By standard definition, a matriarchy is a “family, group or state governed by a matriarch.” Anthropologists and feminists have since created more specific classifications for female societies, including the matrilineal system. Matrilineality refers not only to tracing one’s lineage through maternal ancestry, it can also refer to a civil system in which one inherits property through the matriline. This often leads to the division of such societies into matrilineal clans, or “matriclans.” Here are a few notable ones that still exist.
Living near the border of Tibet in the Yunnan and Sichuan provinces, the Mosuo are perhaps the most famous matrilineal society. The Chinese government officially classifies them as part of another ethnic minority known as the Naxi, but the two are quite different in both culture and language.
The Mosuo live with extended family in large households; at the head of each is a matriarch. Lineage is traced through the female side of the family, and property passed down along the same matriline. Mosuo women typically handle business decisions and men handle politics. Children are raised in the mother’s household, and take her name.
The Mosuo have “walking marriages,” in that there is no institution and women choose their partners by literally walking to the man’s home. Couples never live together. Since the child always remains in the mother’s care, sometimes the father plays little role in the upbringing. In some cases the identity of the father is not even known. Instead, the male’s childrearing responsibilities remain in his own matrilineal household.
Living primarily in West Sumatra, Indonesia, at four million people the Minangkabau are the largest known matrilineal society today. In addition to tribal law requiring all clan property to be held and bequeathed from mother to daughter, the Minangkabau firmly believe the mother is the most important person in society.
Upon marriage, every woman acquires her own sleeping quarters. The husband may sleep with her, but must leave early in the morning to have breakfast at his mother’s home. At age 10, boys leave their mother’s home to stay in men’s quarters and learn practical skills. Men are always clan chief, but women select the chief and can remove him from office should they feel he failed to fulfill his duties.
The Akan are a majority in Ghana, where they predominantly reside. Most still adhere to the matrilineal social structure, despite pressure from the government. The Akan social organization is fundamentally built around the matriclan. Within this matrilineal clan, identity, inheritance, wealth and politics are all determined. All matriclan founders are female, but men traditionally hold leadership positions. Succession to inheritable appointments is still determined by the male’s relationships to the women in his matriclan. Often, the man is expected to not only support his own family, but those of his female relatives.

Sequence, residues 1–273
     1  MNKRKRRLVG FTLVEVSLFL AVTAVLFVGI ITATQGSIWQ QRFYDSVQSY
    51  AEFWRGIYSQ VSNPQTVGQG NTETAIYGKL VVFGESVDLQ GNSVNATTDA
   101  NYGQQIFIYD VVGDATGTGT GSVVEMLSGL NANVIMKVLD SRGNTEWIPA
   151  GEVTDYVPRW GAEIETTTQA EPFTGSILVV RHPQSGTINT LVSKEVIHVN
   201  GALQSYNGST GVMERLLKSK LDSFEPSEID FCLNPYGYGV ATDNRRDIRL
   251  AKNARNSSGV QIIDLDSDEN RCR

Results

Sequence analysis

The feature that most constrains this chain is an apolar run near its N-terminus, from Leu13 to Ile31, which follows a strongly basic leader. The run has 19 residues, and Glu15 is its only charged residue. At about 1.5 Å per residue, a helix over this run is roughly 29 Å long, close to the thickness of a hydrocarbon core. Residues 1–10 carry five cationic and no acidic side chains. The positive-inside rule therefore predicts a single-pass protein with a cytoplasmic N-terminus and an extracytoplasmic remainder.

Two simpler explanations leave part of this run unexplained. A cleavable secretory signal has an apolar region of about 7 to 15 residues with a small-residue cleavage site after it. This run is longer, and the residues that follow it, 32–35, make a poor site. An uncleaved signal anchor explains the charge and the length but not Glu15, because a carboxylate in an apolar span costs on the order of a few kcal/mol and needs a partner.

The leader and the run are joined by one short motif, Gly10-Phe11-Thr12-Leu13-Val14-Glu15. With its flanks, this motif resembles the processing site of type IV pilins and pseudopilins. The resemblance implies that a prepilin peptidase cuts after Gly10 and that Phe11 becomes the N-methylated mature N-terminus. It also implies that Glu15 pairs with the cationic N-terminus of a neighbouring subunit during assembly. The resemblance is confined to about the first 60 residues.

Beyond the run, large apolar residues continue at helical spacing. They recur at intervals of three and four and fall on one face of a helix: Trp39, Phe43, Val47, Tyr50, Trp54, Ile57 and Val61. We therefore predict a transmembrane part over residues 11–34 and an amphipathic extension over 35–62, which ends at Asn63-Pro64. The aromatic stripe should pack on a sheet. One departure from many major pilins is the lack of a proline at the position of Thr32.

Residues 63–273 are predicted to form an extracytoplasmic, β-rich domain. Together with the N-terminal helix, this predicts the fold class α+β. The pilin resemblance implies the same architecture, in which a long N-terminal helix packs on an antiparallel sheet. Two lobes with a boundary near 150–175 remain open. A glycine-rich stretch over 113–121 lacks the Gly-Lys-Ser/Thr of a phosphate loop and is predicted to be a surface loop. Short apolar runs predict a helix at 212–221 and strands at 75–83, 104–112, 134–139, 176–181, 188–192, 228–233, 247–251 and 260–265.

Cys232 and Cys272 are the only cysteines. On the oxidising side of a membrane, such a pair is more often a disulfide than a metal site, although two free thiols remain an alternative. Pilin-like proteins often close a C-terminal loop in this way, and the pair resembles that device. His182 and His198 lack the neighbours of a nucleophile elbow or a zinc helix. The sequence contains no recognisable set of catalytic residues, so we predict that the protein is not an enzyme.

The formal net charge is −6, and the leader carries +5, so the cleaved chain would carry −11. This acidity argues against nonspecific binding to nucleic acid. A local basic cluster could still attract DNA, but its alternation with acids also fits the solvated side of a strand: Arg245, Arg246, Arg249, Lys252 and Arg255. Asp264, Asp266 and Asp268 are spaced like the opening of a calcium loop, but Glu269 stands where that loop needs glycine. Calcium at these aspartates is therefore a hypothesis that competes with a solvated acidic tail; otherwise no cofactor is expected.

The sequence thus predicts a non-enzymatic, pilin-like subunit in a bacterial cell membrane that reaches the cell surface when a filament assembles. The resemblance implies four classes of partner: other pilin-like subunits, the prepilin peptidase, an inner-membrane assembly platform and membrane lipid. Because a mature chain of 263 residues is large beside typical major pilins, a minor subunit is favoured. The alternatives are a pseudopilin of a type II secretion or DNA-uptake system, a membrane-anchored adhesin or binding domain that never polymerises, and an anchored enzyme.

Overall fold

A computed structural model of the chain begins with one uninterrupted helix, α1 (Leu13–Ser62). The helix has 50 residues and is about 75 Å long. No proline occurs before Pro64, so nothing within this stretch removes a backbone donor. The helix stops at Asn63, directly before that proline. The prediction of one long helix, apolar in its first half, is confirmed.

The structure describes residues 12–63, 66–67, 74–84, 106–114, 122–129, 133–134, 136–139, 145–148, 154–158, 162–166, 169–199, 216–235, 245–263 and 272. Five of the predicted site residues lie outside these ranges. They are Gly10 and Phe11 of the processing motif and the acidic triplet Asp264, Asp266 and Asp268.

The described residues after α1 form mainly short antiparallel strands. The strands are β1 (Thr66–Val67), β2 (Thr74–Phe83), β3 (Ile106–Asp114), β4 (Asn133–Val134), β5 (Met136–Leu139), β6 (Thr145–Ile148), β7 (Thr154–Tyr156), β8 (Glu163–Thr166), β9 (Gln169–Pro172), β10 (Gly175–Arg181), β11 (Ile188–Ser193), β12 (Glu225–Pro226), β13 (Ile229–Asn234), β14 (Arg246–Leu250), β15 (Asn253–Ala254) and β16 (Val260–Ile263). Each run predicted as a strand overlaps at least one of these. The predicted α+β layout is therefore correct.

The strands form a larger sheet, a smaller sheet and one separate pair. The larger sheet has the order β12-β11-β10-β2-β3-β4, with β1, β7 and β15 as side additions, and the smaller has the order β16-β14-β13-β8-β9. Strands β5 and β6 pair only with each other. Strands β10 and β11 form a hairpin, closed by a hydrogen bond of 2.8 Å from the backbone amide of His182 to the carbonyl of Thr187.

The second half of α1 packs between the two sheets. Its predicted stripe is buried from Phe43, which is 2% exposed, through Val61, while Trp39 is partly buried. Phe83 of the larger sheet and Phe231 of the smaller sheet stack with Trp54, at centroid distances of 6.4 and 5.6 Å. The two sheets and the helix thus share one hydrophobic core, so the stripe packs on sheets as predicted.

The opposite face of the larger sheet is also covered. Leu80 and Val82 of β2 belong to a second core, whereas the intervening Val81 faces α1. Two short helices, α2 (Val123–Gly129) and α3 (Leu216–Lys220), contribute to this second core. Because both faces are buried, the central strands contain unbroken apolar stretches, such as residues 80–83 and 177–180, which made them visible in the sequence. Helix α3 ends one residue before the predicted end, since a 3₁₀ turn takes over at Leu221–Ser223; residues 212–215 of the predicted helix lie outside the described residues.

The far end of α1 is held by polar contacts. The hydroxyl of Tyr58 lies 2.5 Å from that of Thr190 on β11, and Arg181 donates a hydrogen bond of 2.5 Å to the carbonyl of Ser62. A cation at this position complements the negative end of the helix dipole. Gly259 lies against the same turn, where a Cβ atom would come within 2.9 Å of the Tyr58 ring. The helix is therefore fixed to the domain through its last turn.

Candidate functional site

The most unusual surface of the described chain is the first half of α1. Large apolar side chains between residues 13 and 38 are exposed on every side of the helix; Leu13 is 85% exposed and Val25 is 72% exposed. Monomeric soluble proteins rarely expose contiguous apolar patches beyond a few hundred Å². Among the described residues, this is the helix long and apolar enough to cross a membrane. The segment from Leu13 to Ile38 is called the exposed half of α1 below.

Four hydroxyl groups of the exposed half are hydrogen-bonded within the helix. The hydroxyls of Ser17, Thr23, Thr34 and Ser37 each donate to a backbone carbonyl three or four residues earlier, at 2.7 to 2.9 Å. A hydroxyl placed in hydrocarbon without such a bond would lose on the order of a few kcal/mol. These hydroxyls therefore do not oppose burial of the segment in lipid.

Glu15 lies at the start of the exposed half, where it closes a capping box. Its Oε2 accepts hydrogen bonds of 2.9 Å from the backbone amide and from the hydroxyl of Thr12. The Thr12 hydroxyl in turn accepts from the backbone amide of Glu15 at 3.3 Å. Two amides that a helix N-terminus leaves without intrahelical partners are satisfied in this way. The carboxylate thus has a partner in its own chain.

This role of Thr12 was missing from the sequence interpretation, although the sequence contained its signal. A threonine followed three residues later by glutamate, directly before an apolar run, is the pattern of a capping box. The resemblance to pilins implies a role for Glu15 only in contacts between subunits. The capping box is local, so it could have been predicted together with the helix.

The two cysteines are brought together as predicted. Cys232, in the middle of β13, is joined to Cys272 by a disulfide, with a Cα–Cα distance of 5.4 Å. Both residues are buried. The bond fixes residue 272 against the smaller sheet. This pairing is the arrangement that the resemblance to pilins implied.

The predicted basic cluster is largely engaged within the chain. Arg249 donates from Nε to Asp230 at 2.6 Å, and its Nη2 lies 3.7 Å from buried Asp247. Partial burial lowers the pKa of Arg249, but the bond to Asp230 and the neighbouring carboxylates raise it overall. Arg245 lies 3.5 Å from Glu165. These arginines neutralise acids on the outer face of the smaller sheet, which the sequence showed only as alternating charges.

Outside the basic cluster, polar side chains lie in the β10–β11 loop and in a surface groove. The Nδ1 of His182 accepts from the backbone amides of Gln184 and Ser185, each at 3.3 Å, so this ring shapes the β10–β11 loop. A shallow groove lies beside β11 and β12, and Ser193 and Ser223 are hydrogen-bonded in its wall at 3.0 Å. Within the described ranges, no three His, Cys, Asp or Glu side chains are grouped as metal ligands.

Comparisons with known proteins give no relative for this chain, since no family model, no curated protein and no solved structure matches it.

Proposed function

The Bribri are a small indigenous group of just over 13,000 people living on a reserve in the Talamanca Canton in the Limón Province of Costa Rica. Like many other matrilineal societies, the Bribri are organized into clans. Each clan is made up of extended family, and the clan is determined through the mother/females. Women are the only ones who traditionally can inherit land and also the only ones endowed with the right to prep the cacao used in sacred Bribri rituals.
Much like their Khasi neighbors in the North-East Indian state of Meghalaya, the Tibeto-Burman-speaking Garos pass property and political succession from mother to daughter. The youngest daughter is typically named heiress and her marriage will often be arranged. Sometimes the family may have to physically capture the future husband. Once married, the husband lives in his wife’s house. Should it not work out, the union is dissolved without social stigma. Marriage is not a binding contract, but one is expected to remarry after divorce. If a Garos woman pursues her own mate, she plays aggressor and the male demurs. Parents must still sanction the union, as any match remotely inter-clan is forbidden.
The Nagovisi live in South Bougainville, an island west of New Guinea. Anthropologist Jill Nash reported Nagovisi society was divided into two matrilineal moieties, which are then divided into matriclans. Nagovisi women are involved in leadership and ceremonies, but take the most pride in working the land entitled to them. Nash observed that when it comes to marriage the Nagovisi woman held gardening and shared sexuality at equal importance. Marriage is not institutionalized. If a couple is seen together, sleeps together, and the man assists the woman in her garden, for all intents and purposes they are considered married.